Teach your dog to accept handling.  Do a daily massage that includes paws, ears and mouth.  This practice also makes for easier groomer/vet visits and alerts you to any physical abnormalities.


Good leaders are not bullies!  Reprimand verbally when necessary, then forgive and move on.  Do not use harsh physical corrections. Use praise and rewards to let your dog know when he is doing the right thing.  Above all, be a kind and patient leader!


©2000 Gentle Guidance Dog Training    



Read about the process of Canine Good Citizen Testing

ACCEPTING A FRIENDLY STRANGER:  This test demonstrates that the dog will allow a stranger to approach it and speak to the handler in a natural, everyday situation.  Evaluator approaches and shakes hands with handler; does not touch the dog.


SITTING POLITELY FOR PETTING:  This test demonstrates that the dog will allow a friendly stranger to touch it while it is out with its handler.  The evaluator pets the dog and then leaves the dog and handler.  The dog must show no shyness or resentment.


APPEARANCE AND GROOMING:  This test demonstrates that the dog will welcome being groomed and examined and will permit a stranger, such as a veterinarian, groomer, or friend of the owner, to do so.  Evaluator inspects the dog, combs or brushes lightly, examines ears and each front foot.


OUT   FOR   A   WALK:     This test demonstrates that the handler is in control of the dog.   The dog may be on either side of the handler, whichever the handler prefers.  There must be a right turn, left turn, and about turn, with one stop in between and one at the end.


WALKING   THROUGH   A   CROWD:     This test demonstrates that the dog can move about politely in pedestrian traffic.  Dog and handler will walk close to several people; dog may show some interest without appearing over exuberant, shy or resentful.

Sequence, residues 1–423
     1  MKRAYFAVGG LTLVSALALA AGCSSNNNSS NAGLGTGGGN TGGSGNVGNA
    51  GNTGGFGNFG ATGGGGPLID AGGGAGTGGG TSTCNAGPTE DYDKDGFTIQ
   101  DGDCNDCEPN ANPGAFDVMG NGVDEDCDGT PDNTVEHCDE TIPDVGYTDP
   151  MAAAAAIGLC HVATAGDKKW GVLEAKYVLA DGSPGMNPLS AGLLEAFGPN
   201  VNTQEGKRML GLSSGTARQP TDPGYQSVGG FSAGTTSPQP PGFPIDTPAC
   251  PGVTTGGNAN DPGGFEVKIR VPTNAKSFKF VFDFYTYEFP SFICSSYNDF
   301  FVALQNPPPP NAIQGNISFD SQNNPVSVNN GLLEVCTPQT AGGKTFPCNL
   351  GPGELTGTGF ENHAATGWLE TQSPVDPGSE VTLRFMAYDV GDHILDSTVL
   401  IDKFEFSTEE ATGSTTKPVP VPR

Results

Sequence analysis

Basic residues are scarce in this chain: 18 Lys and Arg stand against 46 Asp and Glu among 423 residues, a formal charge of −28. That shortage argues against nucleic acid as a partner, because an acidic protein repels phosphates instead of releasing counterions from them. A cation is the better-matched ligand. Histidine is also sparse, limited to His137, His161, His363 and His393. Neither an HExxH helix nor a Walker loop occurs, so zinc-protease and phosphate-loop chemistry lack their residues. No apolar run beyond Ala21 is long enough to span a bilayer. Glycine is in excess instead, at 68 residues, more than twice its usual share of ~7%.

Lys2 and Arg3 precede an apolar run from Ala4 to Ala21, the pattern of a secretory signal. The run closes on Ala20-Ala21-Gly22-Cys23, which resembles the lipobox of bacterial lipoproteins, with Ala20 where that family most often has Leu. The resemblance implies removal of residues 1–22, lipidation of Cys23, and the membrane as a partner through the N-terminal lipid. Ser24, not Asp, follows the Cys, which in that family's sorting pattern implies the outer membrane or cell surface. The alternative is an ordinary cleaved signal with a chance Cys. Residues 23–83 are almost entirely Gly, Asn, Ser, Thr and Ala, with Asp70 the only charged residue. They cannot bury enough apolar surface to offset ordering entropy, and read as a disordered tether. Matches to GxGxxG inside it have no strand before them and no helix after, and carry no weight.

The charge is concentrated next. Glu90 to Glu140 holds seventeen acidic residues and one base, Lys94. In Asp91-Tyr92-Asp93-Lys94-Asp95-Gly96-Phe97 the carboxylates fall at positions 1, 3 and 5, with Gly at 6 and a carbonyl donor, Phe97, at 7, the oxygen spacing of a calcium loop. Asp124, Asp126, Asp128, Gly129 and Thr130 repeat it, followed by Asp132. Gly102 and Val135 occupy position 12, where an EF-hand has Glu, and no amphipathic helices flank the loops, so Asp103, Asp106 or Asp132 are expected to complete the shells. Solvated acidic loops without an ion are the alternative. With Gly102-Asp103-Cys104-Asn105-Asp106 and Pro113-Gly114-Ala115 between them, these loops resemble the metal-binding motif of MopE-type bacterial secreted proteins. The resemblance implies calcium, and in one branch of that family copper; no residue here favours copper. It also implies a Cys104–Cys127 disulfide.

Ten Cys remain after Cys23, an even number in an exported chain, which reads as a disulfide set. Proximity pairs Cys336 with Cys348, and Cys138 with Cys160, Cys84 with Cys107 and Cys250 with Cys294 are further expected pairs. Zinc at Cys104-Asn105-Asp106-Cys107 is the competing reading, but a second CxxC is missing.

SIT   AND   DOWN   ON   COMMAND/STAYING   IN   PLACE:     This test shows the dog has training, will respond to the handler’s command to sit and down and will remain in place.  Dog does sit and down, then handler walks to end of 20-ft. line and returns.  Handler may choose to leave the dog in sit or down for the stay.


COMING   WHEN   CALLED:     This test demonstrates the dog will come when called by the handler.  With dog on 20-ft. line from Test 6, handler walks 10 feet from the dog, turns and faces the dog, and calls the dog.


REACTION   TO   ANOTHER   DOG:     This test demonstrates the dog can behave politely around other dogs.  Two handlers and their dogs approach, shake hands, exchange pleasantries and continue on.  Dogs should show no more than a casual interest in each other.


REACTION   TO   DISTRACTIONS:     This test shows the dog is confident at all times when faced with common distractions.  Dog may show casual interest but may not panic, show aggressiveness, or bark.


SUPERVISED   SEPARATION:     This test shows the dog can be left with a trusted person and will maintain its good manners.  Dog will be on a 6-ft. leash; leash is held by an evaluator while handler is out of sight for 3 minutes.


OVERALL BEHAVIOR IN IMMEDIATE TESTING AREA:   Evaluators may withhold the CGC certificate if a significant incident is observed (eg:  dog bites a person or another dog) in the immediate testing area.